BIONIC PEOPLE: AIDAN HUGHES

 Illustrator and Graphic Designer Aidan Hughes 

Illustrator and Graphic Designer Aidan Hughes 

Bionic People


Illustrator and graphic designer Aidan Hughes has been working in the industry since 1980. During this time, he has worked in film, TV, advertising, publishing and computer game design and exhibited and performed in London, Amsterdam, Prague, Chicago, Detroit, San Francisco and Seattle. 

Since 1984, Aidan has designed the album cover art and animated shorts for German industrial band, KMFDM. He also co-created BRUTE! pulp magazine which spawned a series of TV shows, animations and merchandising.  
Aidan has also just launched Tweak, a truly innovative live-photo editing app.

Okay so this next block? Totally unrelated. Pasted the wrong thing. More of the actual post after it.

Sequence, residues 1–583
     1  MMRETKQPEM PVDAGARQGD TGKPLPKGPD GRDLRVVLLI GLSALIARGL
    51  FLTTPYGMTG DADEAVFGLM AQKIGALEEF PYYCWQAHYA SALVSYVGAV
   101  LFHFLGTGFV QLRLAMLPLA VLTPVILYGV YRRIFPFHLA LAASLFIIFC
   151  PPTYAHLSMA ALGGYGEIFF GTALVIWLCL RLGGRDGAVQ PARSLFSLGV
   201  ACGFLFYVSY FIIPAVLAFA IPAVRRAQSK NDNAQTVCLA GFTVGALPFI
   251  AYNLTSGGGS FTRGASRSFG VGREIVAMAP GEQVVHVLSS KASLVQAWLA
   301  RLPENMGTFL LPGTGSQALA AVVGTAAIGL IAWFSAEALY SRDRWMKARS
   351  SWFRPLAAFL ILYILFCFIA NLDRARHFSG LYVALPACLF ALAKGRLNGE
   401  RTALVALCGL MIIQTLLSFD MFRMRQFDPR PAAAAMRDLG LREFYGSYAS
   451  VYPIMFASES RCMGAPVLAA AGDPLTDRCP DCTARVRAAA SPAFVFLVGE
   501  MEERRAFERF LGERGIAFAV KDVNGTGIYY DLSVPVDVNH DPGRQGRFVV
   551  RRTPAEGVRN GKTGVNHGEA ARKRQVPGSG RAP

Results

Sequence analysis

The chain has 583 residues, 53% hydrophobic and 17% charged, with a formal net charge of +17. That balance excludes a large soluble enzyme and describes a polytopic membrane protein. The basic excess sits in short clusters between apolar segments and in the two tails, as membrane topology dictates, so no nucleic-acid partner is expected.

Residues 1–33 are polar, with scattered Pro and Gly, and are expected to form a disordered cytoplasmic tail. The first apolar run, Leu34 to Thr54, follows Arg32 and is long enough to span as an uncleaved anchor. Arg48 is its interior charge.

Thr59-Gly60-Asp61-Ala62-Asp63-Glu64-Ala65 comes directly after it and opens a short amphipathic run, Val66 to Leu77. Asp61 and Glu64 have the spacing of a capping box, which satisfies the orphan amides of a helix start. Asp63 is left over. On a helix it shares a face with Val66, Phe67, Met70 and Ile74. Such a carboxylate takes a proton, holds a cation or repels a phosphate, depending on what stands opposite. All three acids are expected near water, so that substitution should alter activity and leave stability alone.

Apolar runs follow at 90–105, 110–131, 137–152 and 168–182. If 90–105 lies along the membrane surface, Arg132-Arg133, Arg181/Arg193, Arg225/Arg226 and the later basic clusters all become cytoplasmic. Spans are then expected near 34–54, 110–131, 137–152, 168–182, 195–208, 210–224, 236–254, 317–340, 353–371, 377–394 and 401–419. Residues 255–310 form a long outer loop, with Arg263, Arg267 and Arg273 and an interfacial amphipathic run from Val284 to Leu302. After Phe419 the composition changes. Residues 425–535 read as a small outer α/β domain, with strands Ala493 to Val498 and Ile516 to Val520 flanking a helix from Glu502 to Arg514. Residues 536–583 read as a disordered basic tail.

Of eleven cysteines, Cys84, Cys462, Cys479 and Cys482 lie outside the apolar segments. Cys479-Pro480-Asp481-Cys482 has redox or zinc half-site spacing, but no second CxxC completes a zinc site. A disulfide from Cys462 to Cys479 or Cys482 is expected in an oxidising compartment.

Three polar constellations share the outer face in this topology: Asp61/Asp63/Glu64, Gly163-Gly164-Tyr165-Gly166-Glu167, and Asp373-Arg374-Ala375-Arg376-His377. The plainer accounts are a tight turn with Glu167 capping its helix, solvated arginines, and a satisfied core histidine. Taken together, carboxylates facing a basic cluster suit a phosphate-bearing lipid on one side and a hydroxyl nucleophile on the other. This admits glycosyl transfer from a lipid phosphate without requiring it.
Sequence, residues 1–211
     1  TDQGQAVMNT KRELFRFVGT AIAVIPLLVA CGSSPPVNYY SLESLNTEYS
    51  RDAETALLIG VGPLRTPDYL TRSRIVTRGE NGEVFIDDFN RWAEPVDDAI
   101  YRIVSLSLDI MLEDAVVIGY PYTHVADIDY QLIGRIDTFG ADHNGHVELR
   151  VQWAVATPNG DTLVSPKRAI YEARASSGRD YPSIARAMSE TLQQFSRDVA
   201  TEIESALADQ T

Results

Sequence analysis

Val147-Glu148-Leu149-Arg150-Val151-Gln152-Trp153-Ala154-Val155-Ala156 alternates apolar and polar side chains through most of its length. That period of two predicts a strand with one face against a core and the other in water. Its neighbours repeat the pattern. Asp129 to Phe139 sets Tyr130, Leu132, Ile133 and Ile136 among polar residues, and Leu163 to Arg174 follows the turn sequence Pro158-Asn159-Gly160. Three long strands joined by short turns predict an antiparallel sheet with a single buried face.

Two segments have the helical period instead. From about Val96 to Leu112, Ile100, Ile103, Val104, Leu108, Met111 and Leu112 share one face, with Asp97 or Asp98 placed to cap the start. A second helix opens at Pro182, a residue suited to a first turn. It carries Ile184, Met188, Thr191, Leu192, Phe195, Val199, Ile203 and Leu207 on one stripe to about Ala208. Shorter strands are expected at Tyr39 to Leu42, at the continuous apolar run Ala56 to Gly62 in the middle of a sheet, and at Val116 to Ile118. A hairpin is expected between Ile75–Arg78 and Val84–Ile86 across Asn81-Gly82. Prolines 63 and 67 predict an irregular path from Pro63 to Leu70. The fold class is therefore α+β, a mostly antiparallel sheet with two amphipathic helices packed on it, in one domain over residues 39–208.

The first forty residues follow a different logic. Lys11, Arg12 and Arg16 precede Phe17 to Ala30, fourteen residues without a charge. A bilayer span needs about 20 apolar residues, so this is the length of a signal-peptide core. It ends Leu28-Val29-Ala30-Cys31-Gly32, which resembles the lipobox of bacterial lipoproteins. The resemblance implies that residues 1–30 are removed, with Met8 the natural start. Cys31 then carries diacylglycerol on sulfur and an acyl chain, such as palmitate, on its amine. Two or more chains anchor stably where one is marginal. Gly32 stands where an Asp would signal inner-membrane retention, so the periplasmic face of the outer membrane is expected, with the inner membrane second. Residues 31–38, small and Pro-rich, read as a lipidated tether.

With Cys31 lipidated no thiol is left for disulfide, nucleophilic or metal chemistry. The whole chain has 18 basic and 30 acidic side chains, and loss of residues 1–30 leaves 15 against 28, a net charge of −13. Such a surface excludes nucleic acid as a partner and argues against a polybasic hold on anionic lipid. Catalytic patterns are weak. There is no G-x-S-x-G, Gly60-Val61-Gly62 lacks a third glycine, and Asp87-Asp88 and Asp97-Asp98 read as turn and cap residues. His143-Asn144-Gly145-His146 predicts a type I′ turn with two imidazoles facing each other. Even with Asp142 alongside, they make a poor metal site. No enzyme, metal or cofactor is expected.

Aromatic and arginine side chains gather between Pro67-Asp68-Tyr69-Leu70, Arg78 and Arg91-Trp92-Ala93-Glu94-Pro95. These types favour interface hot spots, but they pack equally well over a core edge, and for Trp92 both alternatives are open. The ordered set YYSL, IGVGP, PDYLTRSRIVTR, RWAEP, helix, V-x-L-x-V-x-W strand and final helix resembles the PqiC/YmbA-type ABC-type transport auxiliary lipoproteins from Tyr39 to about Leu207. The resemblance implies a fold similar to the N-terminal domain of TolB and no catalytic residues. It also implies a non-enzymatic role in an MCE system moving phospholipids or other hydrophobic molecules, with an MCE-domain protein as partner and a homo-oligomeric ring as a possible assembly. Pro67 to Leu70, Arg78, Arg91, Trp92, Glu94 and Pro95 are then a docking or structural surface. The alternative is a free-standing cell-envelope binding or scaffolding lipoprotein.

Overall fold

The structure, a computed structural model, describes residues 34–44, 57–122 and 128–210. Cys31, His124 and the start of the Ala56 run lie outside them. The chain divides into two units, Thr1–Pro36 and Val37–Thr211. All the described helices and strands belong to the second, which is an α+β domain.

A small selection of Aidan's work is featured at the end of the interview. To view more examples of Aidan's work please visit his BRUTE! Propaganda website and Aidan continues to exhibit in Prague.

Aidan Hughes

Links:

Business: BRUTE! Properganda

Youtube

Tweak links:
Web site      Facebook      Blog      Instagram

The Interview

What drew you to your passion/interest? 
I was surrounded by books and art as a kid but my first love was DC and Marvel comics. In my teens, I also got into old 1950s pulp magazine covers and vintage film and propaganda posters which eventually inspired much of the art in the BRUTE! concept. My father (also an artist) had a vast collection of art and architecture books while my mother worked in a newsagents so I was never short of inspiration.

Was there a particular moment in your life that you ‘discovered’ or fell in love with your
passion/interest?

Until the early 80s, I had specialized in drawing intricately-detailed rapidograph illustrations but the discovery of an old war-time propaganda tabloid beneath the floorboards of a house I was reconstructing made me totally re-think my style. From then until now, I've adopted the bold lines used in those war-time tabloid illustrations.

What is the most interesting moment in your life?